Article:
Now that the city and the ACLU are involved in negotiations behind closed doors to try to resolve the lawsuit, a number of voices are being heard on both sides trying to shape the discussion (“Ordinance repealed," Feb. 20).
From the left, we hear entreaties to build facilities to feed, house and rehabilitate our homeless. From the right, we hear urgent calls for tough police action to enforce regulations concerning panhandling, vagrancy and sleeping on the beach.
At the same time, economic conditions are deteriorating and unemployment is increasing rapidly reaching double digits in Southern California. Anecdotal evidence suggests that more homeless are arriving in town every day. Some on the right attribute this increase to a lax enforcement of vagrancy laws, and those on the left to the sins of the capitalist system.
There is no doubt that the problems that cause homelessness are not purely local. These economic and social conditions are well-documented and do not need to be detailed here. What we do know is that all levels of government and society need to work together if we are to minimize their impacts.
Much has been written and said about the homeless and the ACLU lawsuit against Laguna Beach. Some has been helpful but some has not. I suggest a time out for all sides while we consider this issue from new points of view.
So, what should we do?
1. Let’s start out by acknowledging that both sides are right. Let’s turn down the volume on our discourse on this issue.
2. We need to help those of our neighbors who fall on hard times and become homeless.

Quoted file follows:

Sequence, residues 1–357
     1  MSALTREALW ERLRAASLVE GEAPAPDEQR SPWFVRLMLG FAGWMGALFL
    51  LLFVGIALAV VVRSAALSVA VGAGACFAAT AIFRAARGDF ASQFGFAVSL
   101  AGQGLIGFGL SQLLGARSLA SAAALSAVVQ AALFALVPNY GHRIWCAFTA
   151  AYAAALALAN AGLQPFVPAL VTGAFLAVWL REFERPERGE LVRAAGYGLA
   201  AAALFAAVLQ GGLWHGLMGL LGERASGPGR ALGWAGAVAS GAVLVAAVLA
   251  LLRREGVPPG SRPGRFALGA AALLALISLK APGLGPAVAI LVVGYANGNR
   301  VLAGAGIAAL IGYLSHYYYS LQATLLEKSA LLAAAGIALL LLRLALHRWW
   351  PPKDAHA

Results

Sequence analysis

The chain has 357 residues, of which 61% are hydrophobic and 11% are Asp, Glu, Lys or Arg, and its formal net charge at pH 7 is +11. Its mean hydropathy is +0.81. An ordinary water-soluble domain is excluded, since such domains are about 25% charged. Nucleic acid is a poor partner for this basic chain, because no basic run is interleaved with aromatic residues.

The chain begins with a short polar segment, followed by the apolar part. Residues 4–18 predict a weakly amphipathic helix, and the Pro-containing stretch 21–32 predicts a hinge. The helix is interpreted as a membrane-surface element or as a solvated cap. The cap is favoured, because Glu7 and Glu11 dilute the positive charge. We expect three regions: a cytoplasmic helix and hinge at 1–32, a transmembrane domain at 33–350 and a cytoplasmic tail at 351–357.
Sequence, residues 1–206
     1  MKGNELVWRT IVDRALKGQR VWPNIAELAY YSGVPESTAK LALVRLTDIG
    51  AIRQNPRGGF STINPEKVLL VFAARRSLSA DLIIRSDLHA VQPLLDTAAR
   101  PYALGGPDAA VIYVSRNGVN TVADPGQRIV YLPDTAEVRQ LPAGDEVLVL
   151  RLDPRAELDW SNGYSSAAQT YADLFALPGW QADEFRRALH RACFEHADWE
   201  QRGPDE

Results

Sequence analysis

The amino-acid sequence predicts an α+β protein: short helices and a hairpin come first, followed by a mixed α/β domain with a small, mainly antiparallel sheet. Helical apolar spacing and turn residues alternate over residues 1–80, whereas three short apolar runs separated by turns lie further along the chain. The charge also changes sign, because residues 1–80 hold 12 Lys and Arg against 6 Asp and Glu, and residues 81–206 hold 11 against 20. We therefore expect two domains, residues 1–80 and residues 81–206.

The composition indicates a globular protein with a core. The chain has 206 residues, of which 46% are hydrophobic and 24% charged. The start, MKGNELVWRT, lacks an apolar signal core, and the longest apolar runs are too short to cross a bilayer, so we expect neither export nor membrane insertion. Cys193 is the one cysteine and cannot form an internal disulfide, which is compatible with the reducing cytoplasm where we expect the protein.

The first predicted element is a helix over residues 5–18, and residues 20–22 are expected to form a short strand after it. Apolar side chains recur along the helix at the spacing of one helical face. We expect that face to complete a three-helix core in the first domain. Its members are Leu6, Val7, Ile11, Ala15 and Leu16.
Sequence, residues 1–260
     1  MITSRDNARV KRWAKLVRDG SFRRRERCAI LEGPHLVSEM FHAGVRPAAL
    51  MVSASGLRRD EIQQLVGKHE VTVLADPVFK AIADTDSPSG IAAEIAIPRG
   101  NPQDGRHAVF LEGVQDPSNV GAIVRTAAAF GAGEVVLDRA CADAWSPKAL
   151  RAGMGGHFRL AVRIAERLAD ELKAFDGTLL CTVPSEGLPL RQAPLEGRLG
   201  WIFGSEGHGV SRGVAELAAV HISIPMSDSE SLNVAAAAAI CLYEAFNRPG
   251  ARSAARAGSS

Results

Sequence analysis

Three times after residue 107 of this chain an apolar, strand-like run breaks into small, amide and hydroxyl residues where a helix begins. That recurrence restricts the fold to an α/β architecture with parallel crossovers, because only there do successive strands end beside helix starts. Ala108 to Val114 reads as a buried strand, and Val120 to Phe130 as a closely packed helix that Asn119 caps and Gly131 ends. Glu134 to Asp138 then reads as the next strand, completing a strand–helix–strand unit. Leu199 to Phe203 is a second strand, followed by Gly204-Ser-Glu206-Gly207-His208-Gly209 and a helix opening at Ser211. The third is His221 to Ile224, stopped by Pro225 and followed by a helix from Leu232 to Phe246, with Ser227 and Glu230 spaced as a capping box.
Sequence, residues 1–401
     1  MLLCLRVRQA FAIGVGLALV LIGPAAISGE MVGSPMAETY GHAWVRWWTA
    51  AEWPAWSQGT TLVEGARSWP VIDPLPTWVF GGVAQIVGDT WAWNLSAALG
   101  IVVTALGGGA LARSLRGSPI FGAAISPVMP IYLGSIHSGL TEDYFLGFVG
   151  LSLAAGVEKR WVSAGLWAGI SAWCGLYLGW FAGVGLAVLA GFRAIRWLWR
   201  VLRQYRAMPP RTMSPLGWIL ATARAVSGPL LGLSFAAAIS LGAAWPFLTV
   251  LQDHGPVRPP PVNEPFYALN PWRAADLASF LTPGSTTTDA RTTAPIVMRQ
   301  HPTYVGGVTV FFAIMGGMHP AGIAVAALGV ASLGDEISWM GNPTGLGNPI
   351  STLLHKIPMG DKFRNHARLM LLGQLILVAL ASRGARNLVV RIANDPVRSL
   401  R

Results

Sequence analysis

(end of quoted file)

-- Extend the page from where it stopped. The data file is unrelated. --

a. Let’s develop a program to take care of Laguna’s own long-term homeless populations. We know who they are. We should have policies and programs in place to help these local citizens when they need our compassion and assistance.
b. Let’s build a safety net to identify those of our neighbors and friends who, for no fault of their own, find themselves hungry, homeless or ill. After all, if any of us were to find ourselves homeless, we would wish for our neighbors to lend us a hand.
3. We must not let Laguna Beach become a beacon for homeless people from across the county, state or nation. Let’s make it clear that we have room for only our own homeless and, when there is no more room at the inn, we acknowledge this without criminalizing homelessness. Homelessness is not a crime and should not be treated as such.
4. Our City Council must work closely with other nearby cities, the county and state government to develop regional solutions that provide systemic resolutions to the issue of homelessness. Nothing less will do.
a. Work with regional Day Worker Hiring Centers to provide work for those homeless who need and can hold a job.
b. Work with the Community Clinic System to provide health-care resources to the homeless.
c. Find or develop regional shelters and transportation alternatives for those who need a temporary roof over their heads. Develop our own limited shelter for our short-term needs and tie it into such a regional system.
d. Instruct our police to take action against any illegal behavior while providing clear training and guidelines against profiling. We must thoroughly investigate every allegation of improper police procedures but always with the safety of our officers utmost in mind.
We can get through these difficult times without letting this issue further divide the community. Let’s do work for the same goals and develop solutions that provide care for our own without becoming a beacon for other cities’ homeless. We must look to our council for leadership on this issue.
ARMANDO BAEZ lives in Laguna Beach.